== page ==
What school choice contributes to systemic improvements in education: A spotlight on Florida

Doug Tuthill

I’ve spent the previous two days discussing accomplishments in Jeb Bush’s tenure as Florida’s governor while highlighting that, despite Bush’s forceful leadership and insistence that high-poverty, minority children would succeed, the state has failed to implement all the systemic improvements the governor envisioned.

But one significant change that did occur during Bush’s first term was the creation of three publicly funded private school choice programs.

The Opportunity Scholarship Program (OSP) and the McKay Scholarship for Students with Disabilities both were established in 1999, while the Florida Tax Credit Scholarship for low-income students passed in 2001. The Florida Supreme Court ruled the OSP’s private school option unconstitutional in 2006, but the McKay and tax credit programs today currently help a combined 53,000 students attend more than 1,300 qualified private schools.

The McKay and tax credit programs positively impacted the achievement of low-income students during Bush’s first term by creating more competition, which research suggests benefitted the students who remained in their public schools, and by reducing the concentration of low-income and disabled students in inner-city public schools.

The competition benefit generated by the tax credit program was documented recently by David Figlio and Cassandra M.D. Hart, two Northwestern University researchers. They reviewed seven years worth of Florida test data and found the competition created by the tax credit scholarships had a positive impact on public school students’ achievement. No matter what measure the researchers used – the proximity of private schools to public schools, for instance, or the density of private schools within five miles of a public school – the effect generally was the same.

“The threat of losing students – and state funding based upon enrollment – to private schools may give public schools greater incentive to cultivate parental satisfaction by operating more efficiently and improving outcomes for students,” Hart said. “We saw the biggest impact on public schools that served a disproportionately large number of low-income students, probably because the scholarships were available only to students from low-income families.”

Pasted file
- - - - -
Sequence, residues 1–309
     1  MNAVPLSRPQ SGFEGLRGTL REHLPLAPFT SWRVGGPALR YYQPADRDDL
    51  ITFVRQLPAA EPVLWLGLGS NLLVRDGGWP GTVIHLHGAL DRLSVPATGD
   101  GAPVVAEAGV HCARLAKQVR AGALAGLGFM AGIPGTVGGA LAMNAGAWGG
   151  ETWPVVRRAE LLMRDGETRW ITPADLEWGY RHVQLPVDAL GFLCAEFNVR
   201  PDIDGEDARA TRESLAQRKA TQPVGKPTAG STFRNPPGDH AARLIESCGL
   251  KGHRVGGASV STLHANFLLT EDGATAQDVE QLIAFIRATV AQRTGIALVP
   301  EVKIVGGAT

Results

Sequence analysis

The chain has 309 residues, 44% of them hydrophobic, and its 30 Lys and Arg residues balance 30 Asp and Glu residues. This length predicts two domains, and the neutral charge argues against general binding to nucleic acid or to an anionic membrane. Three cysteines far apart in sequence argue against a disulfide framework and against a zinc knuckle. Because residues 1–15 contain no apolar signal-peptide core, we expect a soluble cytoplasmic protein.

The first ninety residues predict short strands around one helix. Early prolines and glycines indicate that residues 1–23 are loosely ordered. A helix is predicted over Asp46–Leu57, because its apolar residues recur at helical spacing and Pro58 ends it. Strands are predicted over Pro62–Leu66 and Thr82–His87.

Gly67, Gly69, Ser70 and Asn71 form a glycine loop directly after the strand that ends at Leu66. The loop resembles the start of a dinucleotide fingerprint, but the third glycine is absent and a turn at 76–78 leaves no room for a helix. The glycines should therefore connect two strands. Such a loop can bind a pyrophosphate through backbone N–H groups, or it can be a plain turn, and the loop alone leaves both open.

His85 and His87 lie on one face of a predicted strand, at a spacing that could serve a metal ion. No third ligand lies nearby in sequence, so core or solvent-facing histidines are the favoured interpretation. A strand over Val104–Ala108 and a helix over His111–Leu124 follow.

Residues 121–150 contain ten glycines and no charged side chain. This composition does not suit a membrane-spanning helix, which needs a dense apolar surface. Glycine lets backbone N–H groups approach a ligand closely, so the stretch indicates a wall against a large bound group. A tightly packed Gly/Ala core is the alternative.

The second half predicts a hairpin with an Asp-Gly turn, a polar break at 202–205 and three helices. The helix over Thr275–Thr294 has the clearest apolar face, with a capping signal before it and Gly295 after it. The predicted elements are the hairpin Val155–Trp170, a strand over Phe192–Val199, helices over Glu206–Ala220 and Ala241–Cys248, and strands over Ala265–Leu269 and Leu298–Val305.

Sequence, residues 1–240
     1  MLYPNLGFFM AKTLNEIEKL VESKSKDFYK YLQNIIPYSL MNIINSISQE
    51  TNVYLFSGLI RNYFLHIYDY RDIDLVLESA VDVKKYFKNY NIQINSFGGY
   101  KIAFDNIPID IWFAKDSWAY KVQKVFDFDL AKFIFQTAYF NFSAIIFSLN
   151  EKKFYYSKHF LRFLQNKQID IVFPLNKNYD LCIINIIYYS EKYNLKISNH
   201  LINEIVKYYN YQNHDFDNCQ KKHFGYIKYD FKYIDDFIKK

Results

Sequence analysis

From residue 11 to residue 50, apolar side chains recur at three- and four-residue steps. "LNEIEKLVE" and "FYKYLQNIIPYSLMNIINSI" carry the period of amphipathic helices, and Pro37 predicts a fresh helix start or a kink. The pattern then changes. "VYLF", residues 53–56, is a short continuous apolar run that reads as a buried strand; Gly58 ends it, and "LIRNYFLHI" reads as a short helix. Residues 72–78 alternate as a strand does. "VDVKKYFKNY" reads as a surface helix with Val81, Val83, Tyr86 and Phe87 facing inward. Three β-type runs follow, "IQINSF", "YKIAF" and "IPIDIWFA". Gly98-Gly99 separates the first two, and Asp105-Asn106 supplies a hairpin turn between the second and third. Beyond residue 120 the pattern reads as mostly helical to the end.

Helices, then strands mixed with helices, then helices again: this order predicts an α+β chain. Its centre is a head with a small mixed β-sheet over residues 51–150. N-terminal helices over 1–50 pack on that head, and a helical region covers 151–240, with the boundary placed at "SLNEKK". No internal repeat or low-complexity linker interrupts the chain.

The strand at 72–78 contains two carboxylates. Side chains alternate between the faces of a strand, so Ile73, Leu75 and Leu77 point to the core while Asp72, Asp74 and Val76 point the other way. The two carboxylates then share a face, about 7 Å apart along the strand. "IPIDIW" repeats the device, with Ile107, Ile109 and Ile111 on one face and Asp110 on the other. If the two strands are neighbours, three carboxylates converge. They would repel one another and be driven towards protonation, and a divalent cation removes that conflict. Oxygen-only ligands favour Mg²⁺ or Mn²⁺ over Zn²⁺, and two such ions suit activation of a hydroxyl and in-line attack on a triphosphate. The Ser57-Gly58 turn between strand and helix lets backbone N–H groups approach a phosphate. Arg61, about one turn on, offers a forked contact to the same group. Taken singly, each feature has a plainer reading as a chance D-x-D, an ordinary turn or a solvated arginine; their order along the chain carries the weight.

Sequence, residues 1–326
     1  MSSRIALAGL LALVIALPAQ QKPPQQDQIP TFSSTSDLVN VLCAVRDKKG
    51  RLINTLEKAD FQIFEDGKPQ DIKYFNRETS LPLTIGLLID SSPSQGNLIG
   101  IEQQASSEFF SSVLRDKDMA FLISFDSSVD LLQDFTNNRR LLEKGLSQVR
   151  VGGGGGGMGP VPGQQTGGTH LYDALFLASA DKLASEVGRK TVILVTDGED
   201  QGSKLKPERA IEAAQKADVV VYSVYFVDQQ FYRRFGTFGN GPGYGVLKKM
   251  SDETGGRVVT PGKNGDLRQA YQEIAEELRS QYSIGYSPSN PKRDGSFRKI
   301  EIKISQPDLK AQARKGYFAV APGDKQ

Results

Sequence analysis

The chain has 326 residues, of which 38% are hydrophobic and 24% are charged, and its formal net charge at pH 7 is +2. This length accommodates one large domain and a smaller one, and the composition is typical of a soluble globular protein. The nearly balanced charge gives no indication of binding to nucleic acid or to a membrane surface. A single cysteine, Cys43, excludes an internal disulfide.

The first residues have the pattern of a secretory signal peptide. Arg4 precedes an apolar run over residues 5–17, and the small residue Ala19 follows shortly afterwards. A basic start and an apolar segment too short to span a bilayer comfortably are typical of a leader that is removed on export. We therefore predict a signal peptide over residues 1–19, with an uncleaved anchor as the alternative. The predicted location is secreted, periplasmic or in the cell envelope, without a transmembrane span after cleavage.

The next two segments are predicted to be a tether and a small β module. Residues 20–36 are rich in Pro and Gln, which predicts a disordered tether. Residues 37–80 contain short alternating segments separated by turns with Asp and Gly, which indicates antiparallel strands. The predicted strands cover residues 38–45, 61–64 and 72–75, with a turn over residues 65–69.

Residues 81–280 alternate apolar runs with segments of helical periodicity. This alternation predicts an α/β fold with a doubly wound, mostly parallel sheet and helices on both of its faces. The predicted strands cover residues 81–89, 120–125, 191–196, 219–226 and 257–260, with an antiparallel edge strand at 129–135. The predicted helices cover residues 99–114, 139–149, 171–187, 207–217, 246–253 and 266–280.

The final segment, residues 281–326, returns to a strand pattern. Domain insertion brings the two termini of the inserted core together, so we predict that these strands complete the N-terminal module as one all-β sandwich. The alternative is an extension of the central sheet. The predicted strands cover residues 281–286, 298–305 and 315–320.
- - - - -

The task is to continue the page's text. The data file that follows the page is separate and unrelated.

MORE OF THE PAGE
While this competition effect is significant, reducing the concentrations of low-income and learning disabled students in inner-city public schools also is an important contributor to higher student achievement. Low-income students in urban communities tend to be concentrated in specific neighborhoods, causing their neighborhood public schools to have large numbers of high-poverty students. And, as Figlio found in a previous report, the tax credit scholarship attracts the poorest and lowest-performing students from disproportionately low-performing public schools.

We know that in two adjacent Orlando, Fla., zip codes last year, about 900 high-poverty students used tax credit scholarships to enroll in local private schools, allowing neighborhood schools to focus their resources on a smaller number of highly disadvantaged students. Ask any classroom teacher or school principal if reducing the concentration of high-poverty students in a school is a good idea.

The tax credit and McKay programs, along with charter schools, virtual schools, magnet schools, career academies, dual enrollment and home schooling, form the beginnings of a well-regulated, market-driven public education system that is necessary – but not sufficient – for sustaining large yearly achievement gains among low-income students.

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Steven Rogg January 15, 2011 - 5:05 am

No doubt! As you say: “Ask any classroom teacher or school principal if reducing the concentration of high-poverty students in a school is a good idea.” And this is not only a good idea, but strategic policy design. Clearly there is a soft threshold where the density (concentration) of poverty and languages (ESL) impose practically insurmountable demands on schools. This is easily shown by simple scatterplot of proxy variables for poverty and ESL versus nearly any proxy metric for achievement (state test passing rates). However, the demographics of many local areas/neighborhoods are such that simply adding more buildings does not alter the relative density demand among schools. Barring in-migration (as in “gentrification”), out-migration (as in “flight”), or daily-migration (“busing”) there be alternatives that ameliorate the density matter. You have already suggested some possibilities.

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